You can hope most people will see phishing attempts for what they are—but inevitably, someone will fall for the bait. The secret to getting users to learn from their mistakes and change their behavior largely comes down to your response.

Here are a few pro tips for tactfully correcting user behavior:

  • Tell users right away, while the experience is fresh in their mind.
  • Create a human tone on your phishing landing page. Be up front about the situation, but remember—no one likes being patronized, berated, humiliated, or shamed for their mistakes.
  • Don’t threaten anybody’s job for failing a phishing test. If someone fails the test, it’s a sign that there’s a disconnect between the training and their behavior—so adjust your strategy.
  • Still treat every user like a partner, not a liability. Remember, you want them to feel motivated and empowered to change.

Clearly, these users need a little more training, and that’s fine—we all learn by repetition. (Just remember to keep the training upbeat and engaging.) And if you’ve been tracking data, this is the time to make good use of it.

If users still aren’t recognizing threats, prescribe more security awareness training. If software habits are putting them more at risk, suggest some alternate options—for example, using Teams or a similar platform to lessen their dependence on email.

The tone you set in your response and remedial training will go a long way toward helping users change their behavior on a fundamental level.

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Regularly repeat the process.


Provide relevant training, strategically phish your users, and respond tactfully, and you’ve got a solid simulated phishing training program on your hands.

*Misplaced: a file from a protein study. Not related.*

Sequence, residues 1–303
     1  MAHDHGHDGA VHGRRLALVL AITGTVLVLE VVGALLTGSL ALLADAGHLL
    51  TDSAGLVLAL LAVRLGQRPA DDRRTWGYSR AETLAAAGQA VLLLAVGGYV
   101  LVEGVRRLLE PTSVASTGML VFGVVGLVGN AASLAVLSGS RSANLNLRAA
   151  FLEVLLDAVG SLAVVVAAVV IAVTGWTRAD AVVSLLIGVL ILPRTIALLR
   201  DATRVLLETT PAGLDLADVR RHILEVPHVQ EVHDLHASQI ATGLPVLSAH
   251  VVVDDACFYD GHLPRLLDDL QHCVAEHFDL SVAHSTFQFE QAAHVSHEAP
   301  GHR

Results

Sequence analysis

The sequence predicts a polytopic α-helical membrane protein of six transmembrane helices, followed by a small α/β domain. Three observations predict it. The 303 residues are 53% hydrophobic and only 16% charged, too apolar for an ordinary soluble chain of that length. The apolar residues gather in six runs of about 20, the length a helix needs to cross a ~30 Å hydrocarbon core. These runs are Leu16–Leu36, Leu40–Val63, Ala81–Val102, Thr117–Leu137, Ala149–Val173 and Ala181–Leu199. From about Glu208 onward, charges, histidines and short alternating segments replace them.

But if you only put users to the test once a year, they’re bound to forget and fall back into bad habits before too long. We’ve all experienced it—a couple of weeks after a meeting or security awareness training, we only recall bits and pieces of what we learned.

To combat the forgetfulness curve, make your security training an iterative process. Regularly (but unpredictably) adjust your strategy after each round of faux phishing, to better target weaknesses in users’ awareness, tools, and habits.


Four blue origami shirts pinned on a clothesline


Results of a successful simulated training program


As you follow these steps and repeat the process, you’re taking a strong proactive approach to securing your org against external threats. You’re finding and patching holes in your defense—instead of waiting around for scammers to find the holes for you.

Ready to test your know-how? At the end of the day, a successful simulated training program looks like:

  • Fewer (or no) breaches and less compromised data
  • Ongoing security awareness training that targets common weaknesses
  • A “do this, not that” approach that rewards positive behaviors while avoiding chastisement
  • Excited, empowered users who change their work habits to be more secure

And if users see you as a helpful, strategic partner in the end—that’s just a welcome perk.

Just for the record, this isn’t an idealistic, hypothetical kind of training program. It’s absolutely possible to achieve these kind of results—we promise.

If you’d like our two cents on how to fundamentally change your end users’ security habits, check out BrainStorm Threat Defense.